Speaking to Amyn Nasser is as fascinating as taking a long slow stroll through his art. Yes, Amyn is a photographer, but it is clear that the camera is merely the tool of choice that allows us into the creative mind that produces so many images that are consistently inconsistent. “Juxtaposition” is, ironically, a term that came up early in our conversations. It is a term that helps tie his vastly diverse work together--and it is a term that helps us begin to understand the man behind the images. His mind seems to be in constant motion--he finds the world to be a “captivating” place and he routinely has several thoughts occupying him at one time. He says that some people call that distractibility, but he prefers the more positive notion of captivation. Random observations of beauty and intimacy are welcome visitors. Amyn states for example that he will be captivated by the beauty of a woman across the street and the next moment he will be struck by the architecture of a building.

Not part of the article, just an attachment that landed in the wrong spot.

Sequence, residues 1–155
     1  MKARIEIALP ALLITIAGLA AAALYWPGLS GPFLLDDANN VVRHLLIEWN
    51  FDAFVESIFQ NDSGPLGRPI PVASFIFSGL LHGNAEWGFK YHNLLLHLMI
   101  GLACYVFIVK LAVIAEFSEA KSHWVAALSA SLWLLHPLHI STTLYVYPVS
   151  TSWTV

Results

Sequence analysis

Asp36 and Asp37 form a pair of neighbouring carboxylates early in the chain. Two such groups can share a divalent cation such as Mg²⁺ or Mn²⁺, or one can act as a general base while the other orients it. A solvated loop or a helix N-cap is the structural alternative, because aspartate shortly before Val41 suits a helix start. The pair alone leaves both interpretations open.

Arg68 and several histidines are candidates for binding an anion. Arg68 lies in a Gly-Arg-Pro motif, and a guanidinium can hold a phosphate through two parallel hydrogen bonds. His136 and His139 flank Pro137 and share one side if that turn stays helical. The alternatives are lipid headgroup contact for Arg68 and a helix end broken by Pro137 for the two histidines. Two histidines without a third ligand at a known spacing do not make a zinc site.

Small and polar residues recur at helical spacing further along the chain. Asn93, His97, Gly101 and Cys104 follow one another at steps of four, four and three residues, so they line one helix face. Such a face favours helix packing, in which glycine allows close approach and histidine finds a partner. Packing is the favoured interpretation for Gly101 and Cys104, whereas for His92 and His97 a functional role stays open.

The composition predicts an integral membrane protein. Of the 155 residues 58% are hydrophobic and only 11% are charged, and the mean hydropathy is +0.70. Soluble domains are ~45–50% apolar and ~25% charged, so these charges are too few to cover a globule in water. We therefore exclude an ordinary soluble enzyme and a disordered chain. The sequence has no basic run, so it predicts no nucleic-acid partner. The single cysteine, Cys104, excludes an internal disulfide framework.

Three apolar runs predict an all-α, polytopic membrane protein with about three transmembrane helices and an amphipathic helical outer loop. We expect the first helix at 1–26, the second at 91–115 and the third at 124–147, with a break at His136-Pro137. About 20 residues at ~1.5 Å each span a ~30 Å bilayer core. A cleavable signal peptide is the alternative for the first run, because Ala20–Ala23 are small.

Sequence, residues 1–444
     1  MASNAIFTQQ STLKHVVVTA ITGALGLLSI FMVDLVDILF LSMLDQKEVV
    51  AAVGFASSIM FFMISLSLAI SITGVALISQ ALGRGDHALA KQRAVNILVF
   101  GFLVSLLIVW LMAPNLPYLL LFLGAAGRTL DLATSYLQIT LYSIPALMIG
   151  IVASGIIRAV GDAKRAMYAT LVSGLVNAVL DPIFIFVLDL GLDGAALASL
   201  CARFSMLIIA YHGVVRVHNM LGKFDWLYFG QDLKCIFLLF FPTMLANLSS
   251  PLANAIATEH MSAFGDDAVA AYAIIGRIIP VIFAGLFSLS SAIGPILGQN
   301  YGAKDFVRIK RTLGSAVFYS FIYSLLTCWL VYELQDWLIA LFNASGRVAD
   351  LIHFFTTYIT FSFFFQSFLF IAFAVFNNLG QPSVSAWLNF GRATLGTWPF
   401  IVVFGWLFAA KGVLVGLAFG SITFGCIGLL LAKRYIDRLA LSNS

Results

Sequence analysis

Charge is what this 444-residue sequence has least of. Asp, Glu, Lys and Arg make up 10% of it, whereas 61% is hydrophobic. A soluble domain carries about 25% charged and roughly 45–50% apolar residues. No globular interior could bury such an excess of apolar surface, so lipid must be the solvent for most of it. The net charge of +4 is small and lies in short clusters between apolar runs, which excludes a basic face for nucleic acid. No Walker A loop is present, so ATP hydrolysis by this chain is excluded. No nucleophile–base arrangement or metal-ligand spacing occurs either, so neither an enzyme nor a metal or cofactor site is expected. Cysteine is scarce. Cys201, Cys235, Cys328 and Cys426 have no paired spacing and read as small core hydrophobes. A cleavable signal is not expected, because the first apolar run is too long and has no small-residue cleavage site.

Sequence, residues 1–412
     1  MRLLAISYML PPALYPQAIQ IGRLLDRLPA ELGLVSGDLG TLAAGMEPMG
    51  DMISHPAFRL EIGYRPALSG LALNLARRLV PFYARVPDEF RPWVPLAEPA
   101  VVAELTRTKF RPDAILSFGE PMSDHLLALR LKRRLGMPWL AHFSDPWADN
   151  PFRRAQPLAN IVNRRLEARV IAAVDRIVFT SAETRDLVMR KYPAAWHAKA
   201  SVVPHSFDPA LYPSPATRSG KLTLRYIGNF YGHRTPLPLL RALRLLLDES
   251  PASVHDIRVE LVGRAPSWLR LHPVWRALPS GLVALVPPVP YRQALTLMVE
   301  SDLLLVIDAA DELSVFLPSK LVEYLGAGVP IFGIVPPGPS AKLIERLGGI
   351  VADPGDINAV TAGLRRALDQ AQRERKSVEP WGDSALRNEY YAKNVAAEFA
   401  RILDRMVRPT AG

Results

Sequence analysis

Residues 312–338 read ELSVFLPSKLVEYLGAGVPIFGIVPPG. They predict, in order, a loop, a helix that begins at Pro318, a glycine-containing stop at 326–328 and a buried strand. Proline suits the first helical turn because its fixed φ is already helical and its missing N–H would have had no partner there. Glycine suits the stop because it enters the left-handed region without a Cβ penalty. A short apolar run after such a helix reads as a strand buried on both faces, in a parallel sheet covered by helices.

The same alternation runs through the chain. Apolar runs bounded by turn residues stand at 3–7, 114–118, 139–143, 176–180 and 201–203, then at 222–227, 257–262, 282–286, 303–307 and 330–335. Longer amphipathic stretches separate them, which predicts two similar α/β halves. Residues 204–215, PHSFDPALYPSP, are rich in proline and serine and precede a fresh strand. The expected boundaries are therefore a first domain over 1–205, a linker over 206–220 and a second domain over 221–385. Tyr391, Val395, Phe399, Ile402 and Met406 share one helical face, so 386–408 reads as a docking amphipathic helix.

Amyn’s approach to light is fascinating as well. He certainly knows what he is doing on the technical side, but his work transcends technique. He is far more interested in metaphysics than the actual physics of light. Light in and of itself is a subtle, yet intricate component of his composition. His goal is to allow the luminance within his subjects shine through rather than have him illuminate them. His philosophy of light (it really isn’t lighting) and the notion of “Light From Within” is perhaps most apparent in his body of work known as Voyeur Nocturne . This body of architectural photographs was the only officially chosen photography to hang at Olympic Village in February 2010 Winter Olympic Games in Vancouver/Whistler, Winner in the PDN (Photo District News) Photo Annual 2010 New York, and the image titled "MCDXXIII | The Little House that Fought Demolition" will hang in the SMITHSONIAN Castle from July 2010 through February 2011. Amyn has been awarded Winner by Applied Arts in Architecture 2010. The architectural work under the caption [V] in the Voyeur Nocturne body of images was exhibited at TRUNK Gallery from January 15th through March 15th, 2010 then further extended to April 26th, 2010 due to public interest. Along side to [V] exhibit, Amyn introduced his Erotica work under the caption [E] from which he also picked up Nominee in the BLACK & WHITE Spider Awards in Fine Art 2010. Malcolm Parry, a Vancouver Sun critic mentioned the Voyeur [V] Nocturne exhibit on 2 separate write ups.